One hundred two patients (85%) had died by last follow-up; median survival was 14.4 months, and 5-year survival was 10%. The impact of age on survival was evaluated by stratifying patients into subgroups (<55 years, 55-64 years, 65-74 years, and >74 years). Length of survival progressively decreased with increasing age (Table 3). When patients younger than 65 years were compared with patients 65 years of age or older, a significant survival advantage was apparent in the younger group (median survival, 18.3 vs 9.8 months; P=.007).
Site of the primary cancer was clearly identified in 116 patients (96.7%): right colon in 37 (31.9%), left colon in 48 (41.4%), transverse colon in 7 (6.0%), and rectum in 24 (20.7%). Median survival for patients with a rectal primary tumor was longer than for patients with a colon primary tumor (23.2 vs 12.9 months; P=.05). The most commonly performed procedures were right colectomy (39 patients), sigmoid colectomy (25 patients), and low anterior resection (15 patients) (Table 4). Hepatic resections were performed in 34 patients in addition to the above procedures.
Site of metastatic disease was documented during either exploration or perioperative staging, with the following findings: solitary liver metastases in 49 patients (40.8%), multiple unilobar liver metastases in 9 (7.5%), bilobar liver metastases in 38 (31.7%), lung metastases in 11 (9.2%), and carcinomatosis in 42 (35.0%). Median survival was significantly shorter for patients with carcinomatosis (6.7 vs 18.1 months; P<.001). In patients with unilobar liver metastases, median survival was 20.3 months, which was significantly longer than that for patients with more extensive liver disease or metastases to other regions (P=.007). For patients with bilobar hepatic metastases, median survival was 12.8 months (Table 5).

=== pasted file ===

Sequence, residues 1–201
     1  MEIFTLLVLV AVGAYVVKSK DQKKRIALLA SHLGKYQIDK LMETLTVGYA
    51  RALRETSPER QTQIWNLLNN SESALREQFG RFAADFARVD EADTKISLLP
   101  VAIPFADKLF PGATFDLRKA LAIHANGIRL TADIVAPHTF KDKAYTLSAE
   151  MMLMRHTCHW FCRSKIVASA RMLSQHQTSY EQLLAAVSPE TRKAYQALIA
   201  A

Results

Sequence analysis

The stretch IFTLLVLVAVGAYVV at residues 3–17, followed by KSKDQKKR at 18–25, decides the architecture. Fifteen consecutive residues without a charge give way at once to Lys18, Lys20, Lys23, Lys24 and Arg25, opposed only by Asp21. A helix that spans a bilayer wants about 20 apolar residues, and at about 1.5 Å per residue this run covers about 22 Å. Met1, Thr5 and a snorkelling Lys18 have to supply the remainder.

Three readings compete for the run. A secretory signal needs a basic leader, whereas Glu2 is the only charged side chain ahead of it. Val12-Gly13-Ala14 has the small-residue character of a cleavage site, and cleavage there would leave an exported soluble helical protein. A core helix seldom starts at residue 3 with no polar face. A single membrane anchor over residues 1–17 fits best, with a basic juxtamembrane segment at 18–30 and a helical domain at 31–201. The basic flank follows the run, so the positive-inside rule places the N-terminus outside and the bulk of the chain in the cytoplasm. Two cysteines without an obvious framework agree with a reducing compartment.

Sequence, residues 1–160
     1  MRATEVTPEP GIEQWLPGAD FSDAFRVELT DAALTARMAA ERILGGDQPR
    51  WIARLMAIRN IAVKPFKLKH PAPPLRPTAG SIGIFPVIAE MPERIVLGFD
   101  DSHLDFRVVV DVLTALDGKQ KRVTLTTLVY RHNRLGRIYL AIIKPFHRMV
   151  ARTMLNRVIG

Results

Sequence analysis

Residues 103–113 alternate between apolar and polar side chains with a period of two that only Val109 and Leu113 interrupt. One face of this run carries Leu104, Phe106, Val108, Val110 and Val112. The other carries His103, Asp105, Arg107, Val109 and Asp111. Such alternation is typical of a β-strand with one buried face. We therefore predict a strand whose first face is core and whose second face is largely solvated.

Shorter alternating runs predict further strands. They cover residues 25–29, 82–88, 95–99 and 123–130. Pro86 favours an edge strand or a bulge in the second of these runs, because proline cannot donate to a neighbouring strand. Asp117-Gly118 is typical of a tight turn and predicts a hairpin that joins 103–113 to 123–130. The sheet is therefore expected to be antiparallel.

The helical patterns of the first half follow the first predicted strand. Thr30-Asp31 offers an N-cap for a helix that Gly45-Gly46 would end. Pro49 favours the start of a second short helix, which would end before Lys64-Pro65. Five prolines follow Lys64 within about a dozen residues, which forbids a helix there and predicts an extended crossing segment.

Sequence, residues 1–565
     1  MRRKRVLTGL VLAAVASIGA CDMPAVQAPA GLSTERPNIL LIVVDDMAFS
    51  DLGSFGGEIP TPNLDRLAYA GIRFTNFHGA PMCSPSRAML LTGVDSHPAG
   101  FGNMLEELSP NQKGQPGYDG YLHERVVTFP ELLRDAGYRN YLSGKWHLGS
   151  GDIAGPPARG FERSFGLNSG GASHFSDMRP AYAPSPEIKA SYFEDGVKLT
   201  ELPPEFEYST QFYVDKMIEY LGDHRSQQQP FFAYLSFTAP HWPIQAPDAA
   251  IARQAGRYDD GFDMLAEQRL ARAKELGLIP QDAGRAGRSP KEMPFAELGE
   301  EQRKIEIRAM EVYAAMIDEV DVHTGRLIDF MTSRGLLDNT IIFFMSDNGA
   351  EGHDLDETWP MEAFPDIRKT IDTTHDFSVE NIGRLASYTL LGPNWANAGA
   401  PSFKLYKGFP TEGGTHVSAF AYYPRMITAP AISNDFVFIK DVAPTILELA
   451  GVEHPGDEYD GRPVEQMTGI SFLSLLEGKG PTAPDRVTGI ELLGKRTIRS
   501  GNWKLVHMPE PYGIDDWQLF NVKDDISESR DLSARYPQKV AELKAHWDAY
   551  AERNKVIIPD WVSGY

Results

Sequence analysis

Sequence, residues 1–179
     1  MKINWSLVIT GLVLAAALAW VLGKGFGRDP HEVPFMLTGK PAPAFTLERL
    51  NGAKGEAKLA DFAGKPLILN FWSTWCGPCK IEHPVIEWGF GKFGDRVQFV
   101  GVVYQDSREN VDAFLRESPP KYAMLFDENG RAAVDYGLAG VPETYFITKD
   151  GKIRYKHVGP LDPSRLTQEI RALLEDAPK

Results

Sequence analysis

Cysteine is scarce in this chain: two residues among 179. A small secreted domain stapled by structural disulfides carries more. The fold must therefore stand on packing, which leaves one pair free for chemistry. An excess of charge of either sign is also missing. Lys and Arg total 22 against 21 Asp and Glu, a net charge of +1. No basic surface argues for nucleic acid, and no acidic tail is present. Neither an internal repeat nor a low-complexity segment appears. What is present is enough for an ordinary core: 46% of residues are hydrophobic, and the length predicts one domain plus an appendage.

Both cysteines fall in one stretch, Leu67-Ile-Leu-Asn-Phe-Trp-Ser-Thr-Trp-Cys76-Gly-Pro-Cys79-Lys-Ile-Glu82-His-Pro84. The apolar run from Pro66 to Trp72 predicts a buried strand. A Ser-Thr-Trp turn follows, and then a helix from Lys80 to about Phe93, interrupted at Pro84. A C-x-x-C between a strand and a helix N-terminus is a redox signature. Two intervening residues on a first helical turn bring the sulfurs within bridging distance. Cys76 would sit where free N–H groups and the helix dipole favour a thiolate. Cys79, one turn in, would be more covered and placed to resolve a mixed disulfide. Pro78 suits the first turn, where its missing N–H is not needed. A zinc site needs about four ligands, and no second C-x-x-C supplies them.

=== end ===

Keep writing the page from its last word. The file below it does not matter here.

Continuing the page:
Comparisons were made in 90 patients for whom pathological findings for the primary tumor were available. There were 7 well-differentiated tumors, 63 moderately differentiated tumors, and 20 poorly differentiated tumors. Patients with well- to moderately differentiated primary tumors survived significantly longer than patients with poorly differentiated cancers (14.4 vs 6.7 months; P=.03). Positive lymph nodes were detected in 65 specimens (72.2%) but did not influence survival (12.9 months for patients with positive nodes vs 18.7 months for those with negative nodes; P=.89). All colonic margins in this series were negative on final pathology review.
Seventy-one (59.2%) of our patients received some form of additional therapy. Of these patients, 55 (77.5%) received postoperative chemotherapy, with the majority receiving fluorouracil and leucovorin calcium. Other patients received systemic chemotherapy in the form of a variety of phase I and II agents. Few patients received preoperative therapy: chemotherapy in 2 (2.8%) and chemotherapy and radiation in 4 (5.6%). Postoperative radiation therapy was administered to 10 patients (14.1%): 2 (2.8%) received radiation therapy alone and 8 (11.3%) received combined radiation and chemotherapy. Patients treated with systemic chemotherapy and/or radiation therapy trended toward a survival advantage when compared with patients who did not receive additional treatment (median survival, 17.1 vs 7.6 months; P=.04).